School choice in Texas is getting a big push this year from a key lawmaker who has made it a top priority.
“I’m the new chair of the Senate Education Committee and this is important to me,’’ state Sen. Dan Patrick, who has served on the committee for six years, said in a telephone interview with redefinED. “Here’s an issue that I’ve decided we need to push, but now I’m in a position that I can move it forward.’’
Patrick, R-Houston, and other school choice advocates in Texas are looking to create a tax credit program similar to the one in Florida that allows corporations to redirect a portion of state taxes to a scholarship fund in return for a tax credit. Low-income families who qualify can use the scholarship to help pay tuition at private schools.
Patrick has included the measure in an ambitious education plan that also calls for doing away with the 215-school cap on charter schools; incorporating a school rating system modeled after Florida’s A-F grades; and giving students the ability to enroll in any school within their district or in another district that has space.
In the interview, Patrick called school choice a civil rights issue and a “moral right.” He also offered a feisty response to an ad campaign, launched last fall by school choice opponents, that suggested “vouchers” would jeopardize Friday night football.
“With all due respect, that campaign is idiotic,’’ he said. “Texas would cut out math before they would cut out football.’’
Here’s more from the interview:
Why now? What’s different in Texas politics that makes you think you can convince lawmakers to support tax credit scholarships?
Patrick acknowledged that in past years, some school choice proposals went unsupported even by members of his own party, mostly rural Republicans who didn’t see the need for increased options for parents and students.
“Look, there’s no question it’s going to be an uphill fight,’’ he said. “Anything that is transformative on any issue is never easy.’’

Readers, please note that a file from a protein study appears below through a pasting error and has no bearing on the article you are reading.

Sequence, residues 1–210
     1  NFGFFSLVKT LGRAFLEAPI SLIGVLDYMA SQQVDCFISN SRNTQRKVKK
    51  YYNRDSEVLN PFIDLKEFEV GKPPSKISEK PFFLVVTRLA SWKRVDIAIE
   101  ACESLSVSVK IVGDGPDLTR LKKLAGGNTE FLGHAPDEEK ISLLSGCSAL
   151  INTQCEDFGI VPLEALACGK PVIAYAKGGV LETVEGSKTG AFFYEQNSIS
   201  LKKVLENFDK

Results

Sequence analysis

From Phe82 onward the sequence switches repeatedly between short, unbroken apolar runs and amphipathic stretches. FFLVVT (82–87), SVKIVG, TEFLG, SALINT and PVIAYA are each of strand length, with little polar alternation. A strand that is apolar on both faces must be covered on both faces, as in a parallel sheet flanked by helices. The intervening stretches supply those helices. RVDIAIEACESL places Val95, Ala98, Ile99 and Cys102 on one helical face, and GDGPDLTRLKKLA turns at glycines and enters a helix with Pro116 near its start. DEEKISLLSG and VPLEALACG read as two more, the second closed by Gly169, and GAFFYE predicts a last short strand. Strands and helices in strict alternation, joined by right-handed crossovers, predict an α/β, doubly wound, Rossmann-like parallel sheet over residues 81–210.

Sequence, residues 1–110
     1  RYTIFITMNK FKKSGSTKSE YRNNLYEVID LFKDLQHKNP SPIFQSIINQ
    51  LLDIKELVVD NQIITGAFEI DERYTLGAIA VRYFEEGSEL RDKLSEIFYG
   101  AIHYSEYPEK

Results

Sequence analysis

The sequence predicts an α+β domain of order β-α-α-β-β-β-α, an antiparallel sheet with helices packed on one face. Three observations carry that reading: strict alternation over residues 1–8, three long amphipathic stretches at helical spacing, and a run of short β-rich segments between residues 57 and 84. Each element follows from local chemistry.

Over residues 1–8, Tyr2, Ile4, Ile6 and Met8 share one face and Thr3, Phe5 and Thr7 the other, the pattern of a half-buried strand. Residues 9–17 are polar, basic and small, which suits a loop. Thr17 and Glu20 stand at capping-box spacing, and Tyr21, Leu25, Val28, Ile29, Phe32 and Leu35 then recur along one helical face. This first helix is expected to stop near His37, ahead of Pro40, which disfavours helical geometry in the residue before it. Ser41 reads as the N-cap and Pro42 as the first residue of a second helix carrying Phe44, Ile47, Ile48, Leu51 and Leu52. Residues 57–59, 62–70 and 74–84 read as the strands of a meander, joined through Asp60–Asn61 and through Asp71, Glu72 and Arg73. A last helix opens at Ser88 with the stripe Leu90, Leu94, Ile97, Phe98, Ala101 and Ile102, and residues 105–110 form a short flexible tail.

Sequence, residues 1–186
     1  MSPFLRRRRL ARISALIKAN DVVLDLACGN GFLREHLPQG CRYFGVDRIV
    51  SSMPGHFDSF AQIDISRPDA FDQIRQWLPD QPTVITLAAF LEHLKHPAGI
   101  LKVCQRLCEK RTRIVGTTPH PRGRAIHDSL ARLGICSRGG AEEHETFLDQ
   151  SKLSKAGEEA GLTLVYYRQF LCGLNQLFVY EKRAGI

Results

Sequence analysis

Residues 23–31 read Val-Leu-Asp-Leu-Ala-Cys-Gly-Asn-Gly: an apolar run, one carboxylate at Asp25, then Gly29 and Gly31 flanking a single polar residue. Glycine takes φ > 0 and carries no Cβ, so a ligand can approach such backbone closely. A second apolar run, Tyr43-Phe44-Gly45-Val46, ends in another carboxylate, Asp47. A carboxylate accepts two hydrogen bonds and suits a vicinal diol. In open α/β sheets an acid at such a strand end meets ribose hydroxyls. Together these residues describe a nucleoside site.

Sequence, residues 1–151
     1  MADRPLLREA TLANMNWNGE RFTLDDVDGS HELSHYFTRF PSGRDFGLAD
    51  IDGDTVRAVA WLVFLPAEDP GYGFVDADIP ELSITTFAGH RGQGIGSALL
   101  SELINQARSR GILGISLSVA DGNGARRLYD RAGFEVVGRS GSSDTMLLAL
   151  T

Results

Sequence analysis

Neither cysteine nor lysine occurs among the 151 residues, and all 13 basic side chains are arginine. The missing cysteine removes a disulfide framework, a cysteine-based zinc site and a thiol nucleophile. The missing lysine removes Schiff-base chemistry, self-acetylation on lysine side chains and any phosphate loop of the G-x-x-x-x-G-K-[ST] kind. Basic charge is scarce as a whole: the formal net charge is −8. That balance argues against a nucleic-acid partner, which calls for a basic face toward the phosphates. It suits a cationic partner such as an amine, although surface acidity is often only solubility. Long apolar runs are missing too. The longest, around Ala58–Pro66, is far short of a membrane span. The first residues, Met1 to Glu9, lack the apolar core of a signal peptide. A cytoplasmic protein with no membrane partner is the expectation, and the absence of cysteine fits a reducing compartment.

He compared this fight to one in which he supported a bill that requires a woman seeking an abortion to have a sonogram at least 24 hours before the procedure. The contentious legislation passed and became law in May 2011.
“It took three sessions to get that passed,’’ Patrick said. “I think that was harder to pass because it was based on ideology. This issue (school choice), I believe I have the opportunity to persuade some people. Here, we have a comprehensive legislative reform package – the biggest, probably, in the history of the state.’’
What specifics can you give about the tax credit?
Patrick said it’s a still a work in progress. Since there’s no state corporate income tax in Texas, he’s looking at a franchise tax.
Texas would allow businesses and private individuals to contribute to a nonprofit – similar to Step Up For Students in Florida – that would administer the scholarships. (Step Up co-hosts this blog.)
The goal is to raise more than $200 million to start, by crediting businesses up to 5 percent of their franchise tax with no cap. Texas, on average, collects about $4 billion a year in franchise taxes, Patrick said.
Scholarships would account for 80 percent of the money raised, he said. The remaining 20 percent would go to public school districts, which could apply for grants for pre-K and afterschool programs for students in failing schools.
The scholarships would be more than Florida’s 2012-13 allotment of $4,335, Patrick said, but less than the annual per-pupil cost for public school students in Texas. Texas public schools spend more than $8,000 per student.
The bill has yet to be filed. Patrick said he may have a Democratic co-sponsor, but declined to say who.
He also said tax-credit scholarships have a better shot than vouchers. Unlike vouchers, the money for tax credit scholarships technically never touches public coffers. Also, the term “vouchers” has become sullied after years of pounding from critics.
“I’ve already been told by the Republicans in the House that vouchers don’t have support,’’ Patrick said. “The votes count. I want to pass the bill and that’s the bill that will pass.’’
In the fall, a group called Save Texas Football aired a television ad that said “frightening new plans threaten to turn out our Friday night lights,’’ referring to vouchers and suggesting the end of high school football. How much traction will this ad get in Texas and what do you think about the pitch?
The ad was designed to tug at the hearts of parents and students who might support school choice but would think twice if told it would end their school’s football program, Patrick said.
“If it wasn’t such a serious issue, you could look at this and laugh,’’ he said. School choice “isn’t life or death, but it’s the next closest thing. It’s about freedom and living the American dream. If you have to say to a child ‘you must attend a failing school,’ you are robbing them of any chance of the American dream.’’
Some folks may be persuaded by the ads, Patrick said. But not the families of 100,000 students on waiting lists for charter schools.
“If that’s the best they’ve got,’’ Patrick said of opponents, “we win.’’
Correction: Sen. Dan Patrick said the Texas tax credit scholarship program, if approved, will not be a pilot, as previously described by Texas Lt. Gov. David Dewhurst. An earlier version of this story said otherwise.